If experience has taught the general public any lesson, it's that it's difficult, if not impossible, to take cable operators at their word.
How do you believe an industry that has, for years, promised that better customer service is just around the corner only to find that the only thing around the corner is a rude, disinterested customer service rep with halitosis and a two-pack-a-day habit? How do you believe an industry--and this is especially true for elected officials--that screams that programmers are Satan's spawn and that programming costs are making it impossible to earn a decent living and then find out they're making money hand-over-fist?
So yeah, it's understandably hard to believe--at least at first glance--that the hundreds of thousands, quickly approaching millions, of video subscribers who are fleeing cable faster than a wedding photographer after the cake's been cut are not going off to greener pastures in Internet la-la land. It is, in fact, easy to scoff, as many did this past week, when cable executive after cable executive promised that cord cutting is real but that subscribers are not cutting the cord for the reasons that the free TV crowd believe they are and that there's no reason to panic.
No reason to panic when millions walk away from the very basic cable service that put wires in their homes? No reason to panic when it's apparent that some of these subscribers are drifting into the fold of the satellite competition and others are continuing, albeit at a slower pace, to join forces with the hated telcos? No reason to panic when Netflix and Google and Apple tell you it's time to start panicking?
It's a tough sell, but those who listened to the nuances of what the cable operators were saying during their recent spate of third quarter earnings calls received a reasoned explanation. While it sounds harsh without some silver-toned palaver applied to it, those customers who left weren't really all that special in the first place. Cable, for better or worse, isn't CATV anymore; it's a broadband experience and cable operators are positioning themselves as broadband, not TV, providers.
Fox, Cablevision and the World Series aside, the days when you needed cable TV to avoid a snowy picture are gone. Today's cable is more than good reception of local channels, it's the wealth of entertainment that Comcast is so eager to buy from General Electric. NBC might be the marquee name in the deal, but USA, Bravo, Syfy and even Oxygen are the true stars. The subscribers who are fleeing aren't interested in that programming lineup and for now that's OK with cable operators. The subscribers who remain are interested and are willing to pay more to see them. And that's better than OK.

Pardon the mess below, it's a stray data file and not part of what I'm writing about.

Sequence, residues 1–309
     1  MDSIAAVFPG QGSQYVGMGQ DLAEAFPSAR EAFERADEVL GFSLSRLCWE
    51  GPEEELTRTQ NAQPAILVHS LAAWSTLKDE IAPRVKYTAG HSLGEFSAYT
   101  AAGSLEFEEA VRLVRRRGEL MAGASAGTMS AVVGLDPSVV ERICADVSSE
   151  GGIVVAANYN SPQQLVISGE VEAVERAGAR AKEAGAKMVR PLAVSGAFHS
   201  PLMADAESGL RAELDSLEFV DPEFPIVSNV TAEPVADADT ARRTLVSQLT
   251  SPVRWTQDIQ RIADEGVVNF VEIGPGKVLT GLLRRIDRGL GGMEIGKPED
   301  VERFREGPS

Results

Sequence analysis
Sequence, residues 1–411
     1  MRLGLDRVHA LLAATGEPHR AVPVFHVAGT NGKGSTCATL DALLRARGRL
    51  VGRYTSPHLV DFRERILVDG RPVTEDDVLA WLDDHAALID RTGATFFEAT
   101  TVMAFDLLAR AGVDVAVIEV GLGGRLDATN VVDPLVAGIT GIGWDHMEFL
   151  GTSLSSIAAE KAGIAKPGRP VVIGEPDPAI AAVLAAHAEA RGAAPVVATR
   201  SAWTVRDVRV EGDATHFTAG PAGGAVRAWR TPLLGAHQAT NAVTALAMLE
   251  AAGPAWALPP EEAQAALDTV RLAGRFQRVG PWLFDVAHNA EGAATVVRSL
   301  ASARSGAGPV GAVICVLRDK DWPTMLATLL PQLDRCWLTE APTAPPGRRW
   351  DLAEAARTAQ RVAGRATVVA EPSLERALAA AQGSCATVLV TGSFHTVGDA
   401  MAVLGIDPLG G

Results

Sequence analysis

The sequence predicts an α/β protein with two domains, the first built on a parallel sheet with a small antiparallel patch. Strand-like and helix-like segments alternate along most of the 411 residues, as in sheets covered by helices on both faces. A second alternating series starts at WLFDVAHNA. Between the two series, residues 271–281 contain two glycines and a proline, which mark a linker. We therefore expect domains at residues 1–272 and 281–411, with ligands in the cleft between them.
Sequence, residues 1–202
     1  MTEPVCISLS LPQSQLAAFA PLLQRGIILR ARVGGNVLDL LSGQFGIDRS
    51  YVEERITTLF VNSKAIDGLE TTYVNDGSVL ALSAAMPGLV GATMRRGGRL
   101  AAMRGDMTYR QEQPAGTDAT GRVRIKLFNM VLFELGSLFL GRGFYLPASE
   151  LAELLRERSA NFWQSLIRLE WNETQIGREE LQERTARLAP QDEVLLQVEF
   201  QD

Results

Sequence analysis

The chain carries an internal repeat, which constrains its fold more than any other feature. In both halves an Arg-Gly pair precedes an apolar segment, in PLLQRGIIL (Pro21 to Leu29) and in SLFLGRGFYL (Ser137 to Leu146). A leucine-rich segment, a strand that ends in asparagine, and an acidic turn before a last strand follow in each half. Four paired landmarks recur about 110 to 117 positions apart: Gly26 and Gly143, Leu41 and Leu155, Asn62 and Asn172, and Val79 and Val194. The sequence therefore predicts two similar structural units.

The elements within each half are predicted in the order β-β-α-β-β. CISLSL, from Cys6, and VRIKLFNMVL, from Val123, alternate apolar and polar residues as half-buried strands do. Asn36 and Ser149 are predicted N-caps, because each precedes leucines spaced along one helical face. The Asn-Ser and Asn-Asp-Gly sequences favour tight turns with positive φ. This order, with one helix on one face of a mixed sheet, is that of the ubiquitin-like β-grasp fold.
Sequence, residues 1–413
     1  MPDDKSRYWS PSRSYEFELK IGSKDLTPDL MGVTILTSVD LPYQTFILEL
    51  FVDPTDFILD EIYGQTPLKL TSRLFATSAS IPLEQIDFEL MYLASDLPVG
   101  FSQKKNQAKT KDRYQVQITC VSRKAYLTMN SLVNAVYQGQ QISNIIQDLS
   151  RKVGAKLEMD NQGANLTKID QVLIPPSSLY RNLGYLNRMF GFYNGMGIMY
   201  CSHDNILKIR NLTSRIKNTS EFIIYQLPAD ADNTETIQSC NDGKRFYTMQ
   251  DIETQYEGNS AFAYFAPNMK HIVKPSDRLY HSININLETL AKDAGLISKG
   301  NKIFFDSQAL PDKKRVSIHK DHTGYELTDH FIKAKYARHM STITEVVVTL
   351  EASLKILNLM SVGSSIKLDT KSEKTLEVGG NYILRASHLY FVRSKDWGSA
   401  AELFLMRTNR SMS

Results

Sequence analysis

Listen more deeply to what cable operators said, how they're positioning their operations, and you hear a group of individuals who have realized that the broadband pipe they own can pump more than raw data to a residence and can carry more than bits and bytes throughout that residence and anywhere the subscriber wants. Subscribers who want cable TV, not Community Antenna TV; they want it everywhere and on every device. That's how the industry sees it and how it's jostling for position.
Sure, it's happening because those same target subscribers probably will leave if someone else offers them a better range of programming and reception choices. And it's happening because the programmers are not necessarily angels, but money-grabbing in-it-for-themselves players in a nasty tussle to get as much money from as many sources as possible. And certainly it's happening because cable operators see a way to link their subscribers through authentication and, better yet, make access so for subscribers that they won't look anywhere else to save a few bucks.
That's the lesson that cable is preaching when it says there's no cord cutting. Of course there's cord cutting; it's just that the cord cutters aren't important to the future of cable television as it reshapes itself into something that is far different than your mother and father's video entertainment company. -- Jim